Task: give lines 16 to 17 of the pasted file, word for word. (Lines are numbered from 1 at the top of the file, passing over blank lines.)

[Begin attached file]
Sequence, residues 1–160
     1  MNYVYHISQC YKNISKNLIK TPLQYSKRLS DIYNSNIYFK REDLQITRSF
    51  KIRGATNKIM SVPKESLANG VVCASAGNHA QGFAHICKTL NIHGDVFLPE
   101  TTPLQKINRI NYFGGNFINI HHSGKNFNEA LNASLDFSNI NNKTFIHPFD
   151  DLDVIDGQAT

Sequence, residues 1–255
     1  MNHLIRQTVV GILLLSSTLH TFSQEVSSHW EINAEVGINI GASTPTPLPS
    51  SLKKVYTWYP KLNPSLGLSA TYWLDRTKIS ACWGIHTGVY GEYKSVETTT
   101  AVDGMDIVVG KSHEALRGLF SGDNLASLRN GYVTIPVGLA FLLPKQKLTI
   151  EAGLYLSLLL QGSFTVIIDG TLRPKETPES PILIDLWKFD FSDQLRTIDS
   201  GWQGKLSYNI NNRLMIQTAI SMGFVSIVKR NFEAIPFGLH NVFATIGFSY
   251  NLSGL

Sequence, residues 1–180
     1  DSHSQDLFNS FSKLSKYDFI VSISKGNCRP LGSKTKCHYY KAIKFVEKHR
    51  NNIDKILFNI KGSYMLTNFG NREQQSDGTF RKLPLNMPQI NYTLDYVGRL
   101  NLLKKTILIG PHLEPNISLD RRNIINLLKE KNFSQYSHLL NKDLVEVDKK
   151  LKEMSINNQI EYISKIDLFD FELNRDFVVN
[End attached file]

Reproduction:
   101  NLLKKTILIG PHLEPNISLD RRNIINLLKE KNFSQYSHLL NKDLVEVDKK
   151  LKEMSINNQI EYISKIDLFD FELNRDFVVN